Primary field of interest:
Hannah Diamond is a doctoral student of 19th-century American history and the history of abolitionism. Currently, her research focuses on examining the politics of race and gender among female anti-slavery activists in the first half of 19th century. More broadly, she is interested in cultural history, the study of gender and sex in early America, African-American history, and the production and study of historical memory.
Prior to coming to Yale, Hannah completed a B.A. in the Writing Seminars program at Johns Hopkins University, and an M.A. in American Studies at Columbia University. Her master’s thesis examined how antebellum writers and historians used the 17th-century captivity narrative of Hannah Duston to grapple with tensions in shifting norms around gender and race in the era of early female social reform movements and Indian Removal.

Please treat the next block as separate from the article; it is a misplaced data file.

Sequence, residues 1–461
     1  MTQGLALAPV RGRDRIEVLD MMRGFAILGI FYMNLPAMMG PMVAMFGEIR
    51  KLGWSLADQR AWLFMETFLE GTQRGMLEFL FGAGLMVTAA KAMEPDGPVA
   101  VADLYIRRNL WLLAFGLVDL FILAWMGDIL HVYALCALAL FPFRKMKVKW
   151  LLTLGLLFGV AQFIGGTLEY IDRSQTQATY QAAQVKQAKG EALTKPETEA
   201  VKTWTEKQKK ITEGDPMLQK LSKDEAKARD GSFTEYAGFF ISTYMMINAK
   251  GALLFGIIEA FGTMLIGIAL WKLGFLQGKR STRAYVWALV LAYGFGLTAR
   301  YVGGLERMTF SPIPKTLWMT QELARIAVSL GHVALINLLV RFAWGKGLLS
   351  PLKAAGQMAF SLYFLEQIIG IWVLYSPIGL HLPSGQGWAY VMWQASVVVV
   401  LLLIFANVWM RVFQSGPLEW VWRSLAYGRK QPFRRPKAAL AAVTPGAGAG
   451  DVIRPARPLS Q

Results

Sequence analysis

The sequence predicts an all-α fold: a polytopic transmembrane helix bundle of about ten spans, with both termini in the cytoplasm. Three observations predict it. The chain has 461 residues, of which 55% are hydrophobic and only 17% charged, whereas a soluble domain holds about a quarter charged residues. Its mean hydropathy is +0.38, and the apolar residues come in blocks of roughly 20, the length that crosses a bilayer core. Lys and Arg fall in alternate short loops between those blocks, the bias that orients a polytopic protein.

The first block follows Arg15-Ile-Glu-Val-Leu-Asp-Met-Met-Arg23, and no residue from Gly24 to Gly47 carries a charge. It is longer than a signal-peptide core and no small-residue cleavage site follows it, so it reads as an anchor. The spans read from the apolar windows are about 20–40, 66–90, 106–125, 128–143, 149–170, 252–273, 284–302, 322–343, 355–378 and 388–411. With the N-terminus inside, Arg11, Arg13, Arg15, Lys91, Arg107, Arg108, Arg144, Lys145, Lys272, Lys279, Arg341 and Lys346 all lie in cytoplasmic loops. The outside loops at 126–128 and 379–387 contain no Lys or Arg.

In addition to her academic work, Hannah is also particularly interested in public history and collaboration between scholars from inside and outside the academy. She participated in the 2015 Yale Public History Institute, a week-long symposium focused on exploring and developing ways to interpret African American history for the broader public. She is also a member of CUNY’s Public History Collective.